The Founders inhumanely tolerated slavery, our constitution stretches tolerance to protect hated speech, and our courts demand equal justice for the most heinous criminals and their crimes while tolerating the vagaries of a jury verdict or the glitch of a technicality to overturn reason. Trump’s America has seized upon our tolerance and is testing its limits.

On Monday, the rest of America gets an opportunity to fight back. Donald Trump has thrived on our tolerance of his behavior for years. His “successes” have largely been at others’ expense. He has learned to game the system by his understanding that the system has chosen the courts to rein in what we as a society have to allow to avoid intolerance that open societies have rejected. If the courts buckle, Popper’s argument with Plato fails. Trump and his ilk love tolerance unless they have to practice it.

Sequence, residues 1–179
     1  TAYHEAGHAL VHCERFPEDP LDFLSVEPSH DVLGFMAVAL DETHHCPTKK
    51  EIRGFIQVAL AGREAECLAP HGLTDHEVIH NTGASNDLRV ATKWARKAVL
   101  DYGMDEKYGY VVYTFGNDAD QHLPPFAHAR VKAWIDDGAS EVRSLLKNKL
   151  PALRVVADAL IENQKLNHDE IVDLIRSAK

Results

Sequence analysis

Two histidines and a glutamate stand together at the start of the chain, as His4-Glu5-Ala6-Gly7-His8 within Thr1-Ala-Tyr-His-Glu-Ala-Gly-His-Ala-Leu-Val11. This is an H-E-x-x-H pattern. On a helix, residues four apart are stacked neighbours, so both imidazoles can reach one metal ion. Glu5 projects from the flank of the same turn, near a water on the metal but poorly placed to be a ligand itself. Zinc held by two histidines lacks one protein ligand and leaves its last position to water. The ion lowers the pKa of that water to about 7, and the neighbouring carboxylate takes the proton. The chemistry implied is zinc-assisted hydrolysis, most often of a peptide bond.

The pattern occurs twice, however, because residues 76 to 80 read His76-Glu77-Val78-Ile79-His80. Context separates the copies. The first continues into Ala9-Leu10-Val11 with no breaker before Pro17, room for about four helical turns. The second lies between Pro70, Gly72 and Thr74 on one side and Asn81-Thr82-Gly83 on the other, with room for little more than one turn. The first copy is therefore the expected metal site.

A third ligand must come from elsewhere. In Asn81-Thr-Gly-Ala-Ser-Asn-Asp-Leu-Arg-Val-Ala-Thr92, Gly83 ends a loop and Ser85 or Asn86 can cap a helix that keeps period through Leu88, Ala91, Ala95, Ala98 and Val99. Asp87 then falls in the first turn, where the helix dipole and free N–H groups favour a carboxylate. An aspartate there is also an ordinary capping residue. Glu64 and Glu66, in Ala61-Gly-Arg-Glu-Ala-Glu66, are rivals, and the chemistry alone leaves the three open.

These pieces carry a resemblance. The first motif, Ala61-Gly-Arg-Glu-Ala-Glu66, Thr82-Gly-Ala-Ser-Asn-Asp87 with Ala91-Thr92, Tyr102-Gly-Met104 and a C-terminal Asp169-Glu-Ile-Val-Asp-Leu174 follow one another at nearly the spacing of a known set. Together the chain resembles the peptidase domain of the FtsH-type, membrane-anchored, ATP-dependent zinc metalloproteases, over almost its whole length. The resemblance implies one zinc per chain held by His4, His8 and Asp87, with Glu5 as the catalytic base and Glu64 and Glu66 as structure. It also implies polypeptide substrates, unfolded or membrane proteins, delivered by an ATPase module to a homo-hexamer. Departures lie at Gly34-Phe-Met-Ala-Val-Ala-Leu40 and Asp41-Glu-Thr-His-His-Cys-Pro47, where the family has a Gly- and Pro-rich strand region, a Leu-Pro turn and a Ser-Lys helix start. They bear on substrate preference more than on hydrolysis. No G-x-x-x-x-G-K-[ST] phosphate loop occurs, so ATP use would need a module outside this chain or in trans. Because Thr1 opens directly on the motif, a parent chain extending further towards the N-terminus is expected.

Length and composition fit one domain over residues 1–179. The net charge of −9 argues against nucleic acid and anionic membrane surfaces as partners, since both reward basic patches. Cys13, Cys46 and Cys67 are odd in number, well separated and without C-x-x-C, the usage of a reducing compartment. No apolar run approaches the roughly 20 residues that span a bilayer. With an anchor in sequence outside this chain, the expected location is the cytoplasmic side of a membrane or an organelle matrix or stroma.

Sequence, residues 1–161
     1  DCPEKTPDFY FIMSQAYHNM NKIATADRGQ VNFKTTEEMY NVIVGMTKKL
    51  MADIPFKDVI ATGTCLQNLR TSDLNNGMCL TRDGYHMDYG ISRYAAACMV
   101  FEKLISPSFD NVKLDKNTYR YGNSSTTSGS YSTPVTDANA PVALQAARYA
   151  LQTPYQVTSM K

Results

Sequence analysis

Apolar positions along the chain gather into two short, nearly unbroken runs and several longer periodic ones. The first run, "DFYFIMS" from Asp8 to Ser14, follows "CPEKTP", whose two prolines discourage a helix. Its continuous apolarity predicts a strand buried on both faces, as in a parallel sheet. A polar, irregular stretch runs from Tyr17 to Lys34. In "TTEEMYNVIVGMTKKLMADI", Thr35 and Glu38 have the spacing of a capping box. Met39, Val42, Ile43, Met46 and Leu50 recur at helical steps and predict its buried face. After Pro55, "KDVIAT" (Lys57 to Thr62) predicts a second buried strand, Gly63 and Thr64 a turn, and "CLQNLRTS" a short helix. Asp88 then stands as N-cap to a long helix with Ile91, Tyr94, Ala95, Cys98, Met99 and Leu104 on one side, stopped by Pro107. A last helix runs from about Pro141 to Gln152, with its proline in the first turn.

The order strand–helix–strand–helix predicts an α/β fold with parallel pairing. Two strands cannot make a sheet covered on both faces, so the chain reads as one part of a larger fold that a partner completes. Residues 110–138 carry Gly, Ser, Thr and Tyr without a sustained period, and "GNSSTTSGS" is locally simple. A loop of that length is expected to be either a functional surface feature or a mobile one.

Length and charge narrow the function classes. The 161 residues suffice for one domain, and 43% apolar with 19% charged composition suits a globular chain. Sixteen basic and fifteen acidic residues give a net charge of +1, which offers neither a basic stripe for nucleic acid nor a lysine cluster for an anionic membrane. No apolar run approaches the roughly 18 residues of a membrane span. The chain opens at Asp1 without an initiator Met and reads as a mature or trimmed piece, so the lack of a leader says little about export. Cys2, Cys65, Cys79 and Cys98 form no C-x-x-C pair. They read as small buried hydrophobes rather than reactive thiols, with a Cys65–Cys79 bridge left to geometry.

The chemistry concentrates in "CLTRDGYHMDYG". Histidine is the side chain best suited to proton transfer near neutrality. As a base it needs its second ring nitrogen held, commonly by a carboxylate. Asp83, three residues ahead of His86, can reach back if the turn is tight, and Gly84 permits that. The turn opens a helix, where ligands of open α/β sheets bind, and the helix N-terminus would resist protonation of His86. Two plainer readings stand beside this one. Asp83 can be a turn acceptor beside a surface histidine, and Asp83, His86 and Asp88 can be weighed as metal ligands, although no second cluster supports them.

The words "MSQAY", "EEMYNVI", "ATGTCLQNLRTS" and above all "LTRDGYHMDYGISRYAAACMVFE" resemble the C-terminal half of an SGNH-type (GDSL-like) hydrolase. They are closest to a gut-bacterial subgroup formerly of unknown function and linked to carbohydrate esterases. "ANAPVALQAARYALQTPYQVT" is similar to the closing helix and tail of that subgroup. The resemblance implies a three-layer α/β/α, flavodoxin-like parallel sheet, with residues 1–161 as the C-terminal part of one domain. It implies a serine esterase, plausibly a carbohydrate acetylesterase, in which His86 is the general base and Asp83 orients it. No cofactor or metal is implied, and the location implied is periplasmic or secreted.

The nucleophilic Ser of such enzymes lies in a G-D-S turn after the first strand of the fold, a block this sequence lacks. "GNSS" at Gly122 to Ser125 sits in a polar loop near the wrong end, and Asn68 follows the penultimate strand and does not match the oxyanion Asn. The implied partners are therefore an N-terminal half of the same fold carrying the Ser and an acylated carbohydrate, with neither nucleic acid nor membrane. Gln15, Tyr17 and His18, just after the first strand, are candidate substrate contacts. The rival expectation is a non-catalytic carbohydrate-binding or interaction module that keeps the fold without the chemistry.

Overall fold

On Monday, tolerance gets to prove that it bends, but only so much. Judge Merchan presides over a case about election fraud and underhanded business practices. Still, it is also about our willingness to accept — our tolerance for — the depraved testing of democratic limits that has dogged our nation since Trump was first elected. A Trump worldview is intolerant of the rights of others. Autocrats hide their weakness with unbridled power and self-indulgence. Democracy’s greatest strength lies in its self-imposed fragility.

Popper’s Tolerance Paradox has been criticized by many on the left, but only if it is misunderstood.

As the writer Jason Kuznicki has argued, “To Popper, intolerance is not to be deployed when the utterance of intolerant ideas might make you uncomfortable, or when those ideas seem impolite, or when they get you really mad.” Rather, intolerance of the sort Popper describes “is only warranted when we are already facing ‘fists and pistols,’ or, presumably, worse.”

- “Tolerating Intolerance: The Free Speech Paradox,”​​​​​​​ by Angel Eduardo

We are long past fists and pistols.

Originally published at https://vincerizzo.substack.com.



Vince Rizzo

Former president of the International Association of Laboratory Schools (IALS) and a founder of a charter school based on MI theory.